My colleague Tracey Miller is right on top of things. She knows what is really news. Tracey is the editor-in-chief of The Electronic Accountant. Last week, she ran a news story about how Warren Buffett had blasted corporate America. It was the result of a scathing column that Buffet wrote in The New York Times where he argued that stock-option accounting and assumptions about pension fund returns are the most flagrant deceptions in corporate America, not to mention the outright crookedness by many chief executives.
Now, I tell you all this because when I read that piece by Buffett, entitled "Who Really Cooks the Books?" I had to offer a round of applause at the end. You see, without getting into a love fest, I am a big admirer of Buffett. I met him in a former lifetime when I was business editor at Barron's and found him a downright, simple, no-nonsense individual.
If you don't know him that well, consider this: He is the second wealthiest man in the world, behind his friend Bill Gates, and his company's net worth is somewhere around the $40 billion mark. He is also one of the few who has amassed astonishing riches through stock market investments.
But what makes Buffett so fascinating a person is that if you ask him a question, you get a direct answer, no hemming or hawing, and no fuzzy thinking. He is now 71 years old and still lives on Farnam Street in Omaha in the same gray stucco house he purchased 40 years ago for something like $31,000. And he loves fast food. His annual salary from his company? Said to be around $100,000.
But what he said in that op-ed piece for The Times reveals something else about him. He feels it is justified that there is a confidence problem about corporate earnings reports and the credibility of chief executives. "For many years," he writes, "I've had little confidence in the earnings numbers reported by most corporations. I’m not talking about Enron and WorldCom--examples of outright crookedness. Rather, I am referring to the legal, but improper, accounting methods used by chief executives to inflate reported earnings."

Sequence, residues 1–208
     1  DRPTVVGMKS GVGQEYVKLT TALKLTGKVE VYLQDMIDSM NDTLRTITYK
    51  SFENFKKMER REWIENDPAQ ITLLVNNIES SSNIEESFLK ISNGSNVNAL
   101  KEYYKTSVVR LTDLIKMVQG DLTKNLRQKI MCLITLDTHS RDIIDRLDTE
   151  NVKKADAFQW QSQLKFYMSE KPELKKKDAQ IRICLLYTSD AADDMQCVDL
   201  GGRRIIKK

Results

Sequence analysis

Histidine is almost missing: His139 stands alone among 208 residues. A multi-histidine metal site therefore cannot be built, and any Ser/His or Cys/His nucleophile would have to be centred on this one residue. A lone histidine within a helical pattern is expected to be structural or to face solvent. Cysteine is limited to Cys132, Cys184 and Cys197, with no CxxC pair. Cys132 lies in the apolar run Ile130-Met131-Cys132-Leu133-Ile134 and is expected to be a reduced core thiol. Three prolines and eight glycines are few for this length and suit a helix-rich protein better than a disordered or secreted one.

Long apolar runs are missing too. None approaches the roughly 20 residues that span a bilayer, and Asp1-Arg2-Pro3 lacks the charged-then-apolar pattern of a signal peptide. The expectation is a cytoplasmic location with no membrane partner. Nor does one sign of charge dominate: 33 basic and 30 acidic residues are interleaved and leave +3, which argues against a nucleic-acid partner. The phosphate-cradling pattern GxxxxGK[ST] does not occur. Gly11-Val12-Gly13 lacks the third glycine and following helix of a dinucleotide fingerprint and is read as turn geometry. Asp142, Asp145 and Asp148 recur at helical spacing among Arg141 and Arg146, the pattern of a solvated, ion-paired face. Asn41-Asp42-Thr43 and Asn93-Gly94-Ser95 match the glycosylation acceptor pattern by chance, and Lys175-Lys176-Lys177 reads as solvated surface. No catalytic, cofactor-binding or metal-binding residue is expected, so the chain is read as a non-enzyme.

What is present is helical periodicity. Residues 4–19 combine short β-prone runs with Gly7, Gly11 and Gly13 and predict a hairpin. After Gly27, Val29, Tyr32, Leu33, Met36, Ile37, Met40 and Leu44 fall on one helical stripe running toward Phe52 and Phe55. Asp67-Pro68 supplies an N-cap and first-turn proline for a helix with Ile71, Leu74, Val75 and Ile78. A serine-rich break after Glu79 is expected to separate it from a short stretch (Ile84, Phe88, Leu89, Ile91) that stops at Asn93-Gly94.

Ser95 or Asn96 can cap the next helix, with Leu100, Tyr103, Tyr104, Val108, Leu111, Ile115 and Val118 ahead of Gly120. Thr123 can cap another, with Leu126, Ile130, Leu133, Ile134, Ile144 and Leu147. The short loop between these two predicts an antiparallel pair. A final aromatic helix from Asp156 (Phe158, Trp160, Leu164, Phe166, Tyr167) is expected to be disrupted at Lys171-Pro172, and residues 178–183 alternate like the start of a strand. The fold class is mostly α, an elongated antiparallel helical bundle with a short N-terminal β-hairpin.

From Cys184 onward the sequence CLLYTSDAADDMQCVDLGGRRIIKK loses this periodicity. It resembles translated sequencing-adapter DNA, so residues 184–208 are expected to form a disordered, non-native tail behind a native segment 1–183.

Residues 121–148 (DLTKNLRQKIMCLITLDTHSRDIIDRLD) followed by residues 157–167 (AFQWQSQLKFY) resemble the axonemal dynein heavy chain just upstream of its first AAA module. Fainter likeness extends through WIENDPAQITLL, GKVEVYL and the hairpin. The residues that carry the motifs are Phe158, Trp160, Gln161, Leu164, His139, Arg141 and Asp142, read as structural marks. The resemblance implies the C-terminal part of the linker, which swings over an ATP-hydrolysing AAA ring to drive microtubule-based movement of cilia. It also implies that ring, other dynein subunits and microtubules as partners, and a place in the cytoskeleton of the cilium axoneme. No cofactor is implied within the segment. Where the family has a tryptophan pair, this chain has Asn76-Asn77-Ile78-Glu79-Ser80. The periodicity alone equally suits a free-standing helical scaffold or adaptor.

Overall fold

For one thing, Buffett cites the example of a company giving something of value to its employees in return for their services (such as stock options). "It is clearly a compensation expense. And if expenses don't belong in the earnings statement, where in the world do they belong?"
He doesn't think CEOs need independent directors, oversight committees or auditors absolutely free of conflicts of interest in order to clean up their acts. "They simply need to do what's right." As Alan Greenspan declared recently, the attitudes and actions of CEOs are what determine corporate conduct.
As to accountants, Buffett doesn’t believe in Congress setting accounting rules. He points out that the Senate opened the floodgates in 1994 to an anything-goes reporting system and feels it should be closed now. "Rather than holding hearings and fulminating, why doesn't the Senate just free the standards board by rescinding its 1994 action?"
Perhaps, Washington should take another look at what Buffett says. He is considered the world's savviest investor and even sat out the stampede over technology stocks, backing away from Microsoft and HP and sticking with Coke and Gillette. "I think it's much easier to predict the relative strength that Coke will have in the soft drink world than Microsoft will in the software world. That's not to knock Microsoft. If I had to bet on anyone, I'd bet on Microsoft. But I don't have to bet."
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